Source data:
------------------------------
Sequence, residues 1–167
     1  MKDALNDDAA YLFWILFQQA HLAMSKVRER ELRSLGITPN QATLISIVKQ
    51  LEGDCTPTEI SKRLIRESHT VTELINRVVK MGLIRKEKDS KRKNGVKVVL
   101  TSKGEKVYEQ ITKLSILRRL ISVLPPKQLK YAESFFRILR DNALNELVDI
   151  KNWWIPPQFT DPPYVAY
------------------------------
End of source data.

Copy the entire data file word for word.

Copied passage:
Sequence, residues 1–167
     1  MKDALNDDAA YLFWILFQQA HLAMSKVRER ELRSLGITPN QATLISIVKQ
    51  LEGDCTPTEI SKRLIRESHT VTELINRVVK MGLIRKEKDS KRKNGVKVVL
   101  TSKGEKVYEQ ITKLSILRRL ISVLPPKQLK YAESFFRILR DNALNELVDI
   151  KNWWIPPQFT DPPYVAY